FCC Chair Ajit Pai Has No Plans To Review AT&T/Time Warner Merger

Image courtesy of FCC.gov

In recent years, the FCC played a key part in blocking the mergers of AT&T and T-Mobile, and Comcast and Time Warner Cable, while also using its regulatory leverage to place pro-consumer conditions on the mergers it did approve — like getting Charter to agree to not use data caps for seven years. However, the FCC will apparently give AT&T its wish and not even chime in on the pending merger of AT&T and Time Warner.

This is according to recently elevated FCC Chair Ajit Pai, who told the Wall Street Journal today that he has no reason to review the merger if it’s not brought to the Commission’s attention.

“My understanding is that the deal won’t be presented to the commission,” Pai told the Journal.

A merger involving AT&T (the nation’s largest phone service provider, and second-largest pay-TV provider) and Time Warner (one of the biggest players in pay-TV content, with channels like CNN and HBO) might seem like it’s destined for FCC review, AT&T has maintained that the combination of the two companies won’t involve any swapping of airwave licenses, so the FCC need not involve itself.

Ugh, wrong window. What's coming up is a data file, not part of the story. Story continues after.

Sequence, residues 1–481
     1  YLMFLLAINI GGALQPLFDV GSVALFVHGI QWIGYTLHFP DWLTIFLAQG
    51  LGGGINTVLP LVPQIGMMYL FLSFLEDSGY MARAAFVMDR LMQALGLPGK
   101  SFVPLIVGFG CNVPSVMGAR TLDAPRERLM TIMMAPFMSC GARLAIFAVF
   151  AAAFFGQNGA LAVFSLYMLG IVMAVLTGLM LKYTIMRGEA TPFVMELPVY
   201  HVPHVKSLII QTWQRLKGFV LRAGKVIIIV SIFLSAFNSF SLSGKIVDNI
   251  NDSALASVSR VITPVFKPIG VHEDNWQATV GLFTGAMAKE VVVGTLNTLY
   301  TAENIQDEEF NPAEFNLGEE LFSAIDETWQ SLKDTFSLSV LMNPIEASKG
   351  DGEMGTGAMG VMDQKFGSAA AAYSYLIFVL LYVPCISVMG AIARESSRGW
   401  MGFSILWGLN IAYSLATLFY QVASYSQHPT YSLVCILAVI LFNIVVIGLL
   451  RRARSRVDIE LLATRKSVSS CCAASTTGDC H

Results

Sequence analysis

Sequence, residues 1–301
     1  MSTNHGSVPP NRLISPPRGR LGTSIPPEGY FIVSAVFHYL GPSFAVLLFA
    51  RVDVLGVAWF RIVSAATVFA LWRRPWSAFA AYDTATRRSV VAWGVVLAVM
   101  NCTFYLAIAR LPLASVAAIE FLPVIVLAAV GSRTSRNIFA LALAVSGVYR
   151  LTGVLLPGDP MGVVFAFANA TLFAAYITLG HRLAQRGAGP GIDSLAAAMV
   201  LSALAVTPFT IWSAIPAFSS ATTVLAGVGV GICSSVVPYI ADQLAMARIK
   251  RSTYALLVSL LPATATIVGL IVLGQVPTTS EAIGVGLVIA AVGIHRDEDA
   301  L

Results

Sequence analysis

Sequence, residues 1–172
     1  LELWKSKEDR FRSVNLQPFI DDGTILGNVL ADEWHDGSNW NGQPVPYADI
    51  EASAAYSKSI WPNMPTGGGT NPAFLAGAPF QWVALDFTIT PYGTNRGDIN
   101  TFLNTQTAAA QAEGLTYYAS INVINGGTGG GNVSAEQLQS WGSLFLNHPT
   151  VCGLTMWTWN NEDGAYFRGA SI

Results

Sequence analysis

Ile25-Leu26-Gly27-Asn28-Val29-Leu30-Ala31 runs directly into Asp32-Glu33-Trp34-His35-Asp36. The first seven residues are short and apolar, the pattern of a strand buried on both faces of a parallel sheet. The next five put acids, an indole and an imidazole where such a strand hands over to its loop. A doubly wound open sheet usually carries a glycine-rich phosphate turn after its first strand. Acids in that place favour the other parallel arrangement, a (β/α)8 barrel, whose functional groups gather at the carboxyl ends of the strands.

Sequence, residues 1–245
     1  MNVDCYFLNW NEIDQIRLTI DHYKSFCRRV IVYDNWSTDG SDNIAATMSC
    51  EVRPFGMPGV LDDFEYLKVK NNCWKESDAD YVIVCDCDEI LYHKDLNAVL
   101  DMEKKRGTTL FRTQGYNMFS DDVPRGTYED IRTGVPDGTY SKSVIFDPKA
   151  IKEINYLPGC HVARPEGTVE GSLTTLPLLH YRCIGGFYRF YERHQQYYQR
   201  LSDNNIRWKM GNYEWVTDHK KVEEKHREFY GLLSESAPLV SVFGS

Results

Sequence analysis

Time Warner recently sold one of the few licenses it does have — Atlanta broadcast TV station WPCH — to Meredith. The merging companies contend that the remaining licenses are not for broadcast but for services like satellite uplinks, that they say won’t need to be transferred as part of the deal.

If the FCC does not get the chance to vet this merger, that means that only the Justice Department looks at the deal. However, unlike the FCC review process, a DOJ review does not take into account the generalized question of whether a merger is in the public interest. It’s that aspect of FCC vetting that has allowed the Commission to place certain restrictions on mergers over the years.

As it became more evident that a Pai-led FCC was unlikely to pursue this matter, a group of U.S. Senators recently asked AT&T to explain how this merger could benefit American consumers.

AT&T’s response was a bit baffling, claiming that neither AT&T nor Time Warner “approaches the market dominance that both would need to hobble distribution competitors” or raise prices.

AT&T downplayed the size of its pay-TV reach by saying that it is the second or third most popular pay-TV provider in most markets. What the company glosses over is that DirecTV, because it’s not tied to pesky network infrastructure like cable or fiber lines, is in virtually every market.